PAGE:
Tipping the work-life balance toward life

baroque style painting by Dutch artist Pieter de Hooch depicting a woman weighing gold coins
“Interior with a Woman weighing Gold Coin, ” by Pieter de Hooch, c. 1659-1662. Licensed under Public Domain via Wikimedia Commons – https://commons.wikimedia.org/wiki/File:Pieter_de_Hooch_005.jpg#/media/File:Pieter_de_Hooch_005.jpg

Many of the conversations about burnout inevitably address work-life balance as a form of prevention, so this is something I’ve been thinking about a lot over the past several months. This notion of work-life balance was especially resonant to me in late summer into the fall semester of last year, which was maybe one of the most stressful periods of work in my life.

One day late last year, I was packing my lunch in the morning before leaving for work, and I found myself doing my usual mental arithmetic about what I would have time to eat. Notice it wasn’t about what I wanted to eat or needed to eat, but what I believed I had time to eat. All of a sudden, this struck me as immensely absurd. Why in the world was I planning a basic human need around what my work would accommodate? Eating lunch a necessity not just for fueling my body but also an important way of giving myself a break during the day, so why wasn’t it given higher priority?

My lunch revelation opened all sorts of mental doors for me. I began to protect open spots in my daily work calendar, believing that just because I didn’t have anything scheduled didn’t mean I was free and available. If I received an email from a committee chair about scheduling a time for a meeting, and the only open time available in a given day was my only chance to eat lunch in unrushed peace, I did not offer over that time. I simply said I wasn’t available that day. I felt so powerful! I was controlling my day. Having this empowered sense of control is so important to feeling like a whole person who happens to work, instead of a worker who is also maybe sometimes a person.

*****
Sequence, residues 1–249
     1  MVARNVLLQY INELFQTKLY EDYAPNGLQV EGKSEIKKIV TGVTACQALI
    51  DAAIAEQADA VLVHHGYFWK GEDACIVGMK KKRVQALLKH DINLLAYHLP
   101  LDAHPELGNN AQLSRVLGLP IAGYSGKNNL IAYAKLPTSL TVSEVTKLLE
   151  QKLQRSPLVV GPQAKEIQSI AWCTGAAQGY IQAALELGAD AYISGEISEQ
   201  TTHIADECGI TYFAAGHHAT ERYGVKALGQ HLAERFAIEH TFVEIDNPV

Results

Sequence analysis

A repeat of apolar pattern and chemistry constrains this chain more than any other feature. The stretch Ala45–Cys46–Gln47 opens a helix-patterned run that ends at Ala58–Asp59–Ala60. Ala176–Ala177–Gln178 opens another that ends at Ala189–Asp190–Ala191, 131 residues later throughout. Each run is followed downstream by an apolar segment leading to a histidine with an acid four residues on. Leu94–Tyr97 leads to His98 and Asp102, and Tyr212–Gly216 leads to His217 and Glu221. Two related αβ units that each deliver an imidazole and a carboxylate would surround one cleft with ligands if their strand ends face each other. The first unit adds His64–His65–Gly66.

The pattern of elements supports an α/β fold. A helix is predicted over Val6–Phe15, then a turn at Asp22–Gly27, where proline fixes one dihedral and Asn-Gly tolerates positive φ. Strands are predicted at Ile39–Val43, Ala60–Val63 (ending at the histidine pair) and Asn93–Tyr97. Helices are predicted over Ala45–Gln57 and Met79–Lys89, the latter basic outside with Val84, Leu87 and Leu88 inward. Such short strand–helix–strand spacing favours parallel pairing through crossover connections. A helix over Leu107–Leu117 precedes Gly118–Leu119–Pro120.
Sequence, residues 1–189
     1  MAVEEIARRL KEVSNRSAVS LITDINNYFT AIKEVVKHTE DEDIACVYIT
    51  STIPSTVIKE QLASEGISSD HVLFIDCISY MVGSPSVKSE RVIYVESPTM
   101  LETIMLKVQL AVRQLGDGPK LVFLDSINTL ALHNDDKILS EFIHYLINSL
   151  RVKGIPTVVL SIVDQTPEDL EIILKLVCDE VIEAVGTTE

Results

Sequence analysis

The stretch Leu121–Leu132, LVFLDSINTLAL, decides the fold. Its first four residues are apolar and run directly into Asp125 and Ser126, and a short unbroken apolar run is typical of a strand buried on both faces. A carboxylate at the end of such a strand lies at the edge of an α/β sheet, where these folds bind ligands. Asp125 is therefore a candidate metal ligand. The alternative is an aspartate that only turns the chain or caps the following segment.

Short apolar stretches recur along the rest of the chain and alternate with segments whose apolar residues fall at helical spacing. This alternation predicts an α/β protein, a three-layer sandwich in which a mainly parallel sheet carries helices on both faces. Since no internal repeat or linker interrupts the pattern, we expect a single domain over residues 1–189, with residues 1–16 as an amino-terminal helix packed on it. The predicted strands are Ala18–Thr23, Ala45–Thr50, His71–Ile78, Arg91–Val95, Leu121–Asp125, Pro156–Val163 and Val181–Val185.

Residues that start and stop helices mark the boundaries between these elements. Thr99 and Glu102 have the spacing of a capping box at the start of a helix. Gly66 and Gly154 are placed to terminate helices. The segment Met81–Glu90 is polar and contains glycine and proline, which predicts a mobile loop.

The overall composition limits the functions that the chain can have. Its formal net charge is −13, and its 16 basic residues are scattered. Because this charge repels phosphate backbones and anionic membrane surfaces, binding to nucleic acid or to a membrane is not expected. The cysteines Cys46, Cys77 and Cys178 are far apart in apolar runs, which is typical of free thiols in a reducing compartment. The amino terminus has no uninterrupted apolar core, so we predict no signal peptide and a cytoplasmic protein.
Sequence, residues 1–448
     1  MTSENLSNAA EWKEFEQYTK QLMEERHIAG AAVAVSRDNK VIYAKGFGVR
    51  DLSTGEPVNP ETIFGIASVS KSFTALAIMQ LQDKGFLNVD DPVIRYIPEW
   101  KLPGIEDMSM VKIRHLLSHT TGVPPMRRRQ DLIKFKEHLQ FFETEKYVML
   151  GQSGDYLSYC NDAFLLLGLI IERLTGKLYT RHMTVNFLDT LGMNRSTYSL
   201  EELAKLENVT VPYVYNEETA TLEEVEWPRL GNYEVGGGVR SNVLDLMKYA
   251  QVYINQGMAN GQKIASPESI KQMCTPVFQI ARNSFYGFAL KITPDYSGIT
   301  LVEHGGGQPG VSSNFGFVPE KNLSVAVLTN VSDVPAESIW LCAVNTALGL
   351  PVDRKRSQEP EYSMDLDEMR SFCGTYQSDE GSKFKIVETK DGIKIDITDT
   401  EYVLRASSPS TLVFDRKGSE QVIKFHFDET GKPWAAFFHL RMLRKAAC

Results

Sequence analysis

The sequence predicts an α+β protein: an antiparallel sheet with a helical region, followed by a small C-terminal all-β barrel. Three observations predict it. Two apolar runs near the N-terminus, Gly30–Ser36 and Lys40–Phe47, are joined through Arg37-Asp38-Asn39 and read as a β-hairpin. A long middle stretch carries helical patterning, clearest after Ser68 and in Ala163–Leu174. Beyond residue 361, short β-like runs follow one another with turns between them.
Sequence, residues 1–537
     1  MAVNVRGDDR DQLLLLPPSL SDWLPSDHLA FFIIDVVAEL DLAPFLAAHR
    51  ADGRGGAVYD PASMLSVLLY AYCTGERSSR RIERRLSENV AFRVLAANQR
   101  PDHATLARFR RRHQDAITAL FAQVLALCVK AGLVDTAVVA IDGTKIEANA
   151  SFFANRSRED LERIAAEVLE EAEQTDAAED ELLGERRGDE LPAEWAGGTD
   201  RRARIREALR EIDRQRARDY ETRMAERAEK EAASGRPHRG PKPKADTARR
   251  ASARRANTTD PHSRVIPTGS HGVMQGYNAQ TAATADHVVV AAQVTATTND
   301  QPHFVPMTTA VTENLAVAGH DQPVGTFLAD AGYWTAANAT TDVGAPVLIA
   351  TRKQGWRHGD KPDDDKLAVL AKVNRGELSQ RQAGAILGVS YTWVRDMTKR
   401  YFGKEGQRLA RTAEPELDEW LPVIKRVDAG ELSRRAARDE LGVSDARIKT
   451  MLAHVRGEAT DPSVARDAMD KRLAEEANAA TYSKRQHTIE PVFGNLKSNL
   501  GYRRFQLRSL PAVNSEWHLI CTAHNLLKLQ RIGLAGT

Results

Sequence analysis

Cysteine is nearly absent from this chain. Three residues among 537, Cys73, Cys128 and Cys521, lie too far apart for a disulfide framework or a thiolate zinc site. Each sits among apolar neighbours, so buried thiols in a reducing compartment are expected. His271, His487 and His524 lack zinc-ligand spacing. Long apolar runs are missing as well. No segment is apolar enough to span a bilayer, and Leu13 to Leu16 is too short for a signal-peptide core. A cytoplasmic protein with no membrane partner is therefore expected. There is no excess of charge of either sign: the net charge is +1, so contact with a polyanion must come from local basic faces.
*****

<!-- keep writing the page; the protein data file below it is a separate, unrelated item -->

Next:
Because the extensive training in paying close attention to language is deeply ingrained in me from earning two degrees in English, I also find myself picking apart the words we use about work-life balance as well. Why is “work” always listed first? It’s like Sonny and Cher or flotsam and jetsam–you never hear the order reversed, or at least I haven’t. Why isn’t it life-work balance, to prioritize life over work? And why do we use the word “balance” anyway? Doesn’t this suggest that each component should be equally weighted? This strikes me as really wrong.

I understand that there’s privilege involved here. I know that this rethinking of how I shape work to fit into my life, and not the other way around, might be considered a luxury to some. I know how fortunate I am to have a job, a job that I have the power and ability to reshape to meet my needs. But the fact that this is an example of privilege also strikes me as messed up and backwards. And I can’t help but think that maybe publicly talking about how messed up and backwards this notion of “work-life balance” is, and questioning its prevalence in these kinds of conversations, might be useful to other people, possibly leading to the kind of internal shift that happened to me.

I want everyone to feel powerful, and human, in the workplace.

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